Miller v. California in 1973: Summary & Decision

Instructor: Mark Pearcy
What is 'obscenity?' How do we know? The Supreme Court in 1973 tried to create a definition of a surprisingly ambiguous legal term, and ended up creating a new rule that changed the nature of the First Amendment.

Introduction: What is 'Obscenity?'

The difficulty with some words we use is that they're just really hard to define. If I asked you to define blue, you might say, 'it's a color'; but if I asked you how it was different from, say, red, you'd probably be stumped and say something like, 'well, it has more…blueness?'

This is true of many of the words we use to structure our lives. We use the word crime to refer to acts which are disruptive to society and community--but you can probably already see the problem with that term. When is something criminal? How many of us have to agree for it to be effective?

The term obscenity is one we're probably all familiar with, but it presents the same difficulty--what is it? How do we define it? What do we do when we identify it? In 1963, a Supreme Court justice, Potter Stewart, had the same difficulty with the term obscenity, and came up with an unusual, though pretty accurate definition--'we know it when we see it.' This is certainly true; we all know something is obscene when we identify it as such. But how can a society define it, if the term is, by definition, determined by each of us individually?

Miller v. California

The Supreme Court case of Miller v. California, 1973, was an attempt by the Court to define the scope and nature of obscenity, and to create a principle that can apply to future cases. The result was known as the three-prong standard, generally called the Miller test.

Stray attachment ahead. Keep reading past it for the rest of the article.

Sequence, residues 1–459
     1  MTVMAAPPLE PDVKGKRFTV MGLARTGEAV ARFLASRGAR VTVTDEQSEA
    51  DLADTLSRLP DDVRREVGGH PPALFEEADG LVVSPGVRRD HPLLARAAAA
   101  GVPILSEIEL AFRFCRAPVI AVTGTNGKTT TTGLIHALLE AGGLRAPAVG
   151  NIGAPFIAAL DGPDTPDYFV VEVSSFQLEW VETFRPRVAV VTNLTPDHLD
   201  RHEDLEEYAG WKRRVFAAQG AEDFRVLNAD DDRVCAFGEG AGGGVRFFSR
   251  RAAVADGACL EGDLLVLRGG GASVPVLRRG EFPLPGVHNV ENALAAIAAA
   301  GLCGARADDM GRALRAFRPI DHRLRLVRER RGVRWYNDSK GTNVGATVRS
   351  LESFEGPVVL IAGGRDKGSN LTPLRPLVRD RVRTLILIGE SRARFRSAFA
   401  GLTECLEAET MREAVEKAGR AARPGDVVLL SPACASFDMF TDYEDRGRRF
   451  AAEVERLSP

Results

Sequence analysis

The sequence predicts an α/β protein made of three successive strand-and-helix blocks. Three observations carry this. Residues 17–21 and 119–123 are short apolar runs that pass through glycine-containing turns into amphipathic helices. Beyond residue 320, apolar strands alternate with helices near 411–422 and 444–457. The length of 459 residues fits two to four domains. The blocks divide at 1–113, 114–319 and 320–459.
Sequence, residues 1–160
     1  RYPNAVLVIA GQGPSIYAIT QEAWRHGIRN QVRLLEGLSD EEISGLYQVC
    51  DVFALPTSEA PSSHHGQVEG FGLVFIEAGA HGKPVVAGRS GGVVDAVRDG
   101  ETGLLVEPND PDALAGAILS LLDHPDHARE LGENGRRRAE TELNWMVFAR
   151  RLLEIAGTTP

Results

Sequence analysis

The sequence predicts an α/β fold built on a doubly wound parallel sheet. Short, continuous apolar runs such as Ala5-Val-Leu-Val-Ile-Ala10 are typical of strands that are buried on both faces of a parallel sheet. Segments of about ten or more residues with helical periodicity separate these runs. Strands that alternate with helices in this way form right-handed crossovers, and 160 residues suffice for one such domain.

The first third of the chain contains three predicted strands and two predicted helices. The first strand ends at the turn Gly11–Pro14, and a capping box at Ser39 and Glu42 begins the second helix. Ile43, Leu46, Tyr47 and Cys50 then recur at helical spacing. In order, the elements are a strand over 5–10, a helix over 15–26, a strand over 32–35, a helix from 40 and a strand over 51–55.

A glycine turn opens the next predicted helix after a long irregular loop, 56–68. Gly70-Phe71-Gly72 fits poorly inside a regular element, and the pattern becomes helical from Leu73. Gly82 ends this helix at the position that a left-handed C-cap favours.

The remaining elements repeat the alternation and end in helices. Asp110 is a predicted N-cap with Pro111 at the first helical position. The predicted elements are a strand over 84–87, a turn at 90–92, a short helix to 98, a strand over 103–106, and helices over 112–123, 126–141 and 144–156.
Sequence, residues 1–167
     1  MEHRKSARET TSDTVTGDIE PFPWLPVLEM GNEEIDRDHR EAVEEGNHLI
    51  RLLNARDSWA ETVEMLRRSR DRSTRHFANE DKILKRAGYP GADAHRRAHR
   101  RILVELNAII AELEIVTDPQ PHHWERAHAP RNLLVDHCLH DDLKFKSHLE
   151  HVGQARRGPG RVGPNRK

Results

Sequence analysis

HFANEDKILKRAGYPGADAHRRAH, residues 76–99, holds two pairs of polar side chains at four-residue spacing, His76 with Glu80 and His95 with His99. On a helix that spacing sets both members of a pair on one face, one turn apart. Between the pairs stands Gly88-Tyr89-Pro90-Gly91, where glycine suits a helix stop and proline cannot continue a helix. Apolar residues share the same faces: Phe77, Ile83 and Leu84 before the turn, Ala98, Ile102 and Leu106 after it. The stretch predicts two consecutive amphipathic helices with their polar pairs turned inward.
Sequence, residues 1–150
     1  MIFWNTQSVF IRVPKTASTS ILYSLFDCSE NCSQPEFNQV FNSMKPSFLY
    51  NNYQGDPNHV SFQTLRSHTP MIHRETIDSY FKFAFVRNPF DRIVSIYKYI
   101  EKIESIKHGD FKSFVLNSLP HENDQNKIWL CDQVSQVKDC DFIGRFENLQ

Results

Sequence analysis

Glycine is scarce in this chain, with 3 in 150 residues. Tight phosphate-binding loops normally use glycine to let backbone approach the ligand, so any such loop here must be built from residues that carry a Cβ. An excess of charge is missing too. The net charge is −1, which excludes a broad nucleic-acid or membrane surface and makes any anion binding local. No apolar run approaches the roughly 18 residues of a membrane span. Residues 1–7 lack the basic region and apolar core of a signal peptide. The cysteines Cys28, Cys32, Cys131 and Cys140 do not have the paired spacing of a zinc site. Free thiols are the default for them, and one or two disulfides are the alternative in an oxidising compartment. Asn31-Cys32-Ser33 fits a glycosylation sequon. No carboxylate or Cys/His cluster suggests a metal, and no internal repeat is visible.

Background

Marvin Miller operated a mail-order business in California in 1971. His company primarily distributed pornographic books and films, and that year he sent out a brochure advertising his products which contained graphic depictions of sex acts. By mistake, five of the brochures were mailed to a restaurant, whose owner, upon opening the envelope, called the police.

Miller was charged with violating a California law against 'obscene matter.' Under that law, the legal definition of 'obscene' was based on two previous Supreme Court decisions which had narrowed the meaning to materials that were 'utterly without redeeming social value.' Miller was convicted, and his appeal quickly moved to the Supreme Court.

What is Obscenity?

The Chief Justice of the Supreme Court at that time was Warren Burger, and during his term the Court had struggled several times with the legal definition of obscenity. The problem was that if the definition was too broad, indisputable works of art (by figures like D.H. Lawrence and James Joyce) could hypothetically be banned, while if the definition was too narrow, it could hardly be applied at all. But more importantly, the question was whether or not the sale and purchase of obscene material was a protected form of expression, under the First Amendment. Of course, the Court couldn't figure that out until it figured out what obscenity was.

The Supreme Court in 1973, under Chief Justice Warren Burger
burger

So the Court devised a three-part test, or three-prong standard. It was:

• 'Whether 'the average person, applying contemporary community standards' would find that the work, taken as a whole, appeals to the prurient interest;

• Whether the work depicts or describes, in a patently offensive way, sexual conduct specifically defined by the applicable state law; and

• Whether the work, taken as a whole, lacks serious literary, artistic, political, or scientific value.'

This was a rejection of the previous standard, the 'utterly without redeeming social value.' More to the point, the Court ruled that obscene material (which could now be branded as such much more freely, given the new Miller test) did not have First Amendment protection, and thus could be regulated or even prohibited by the state.

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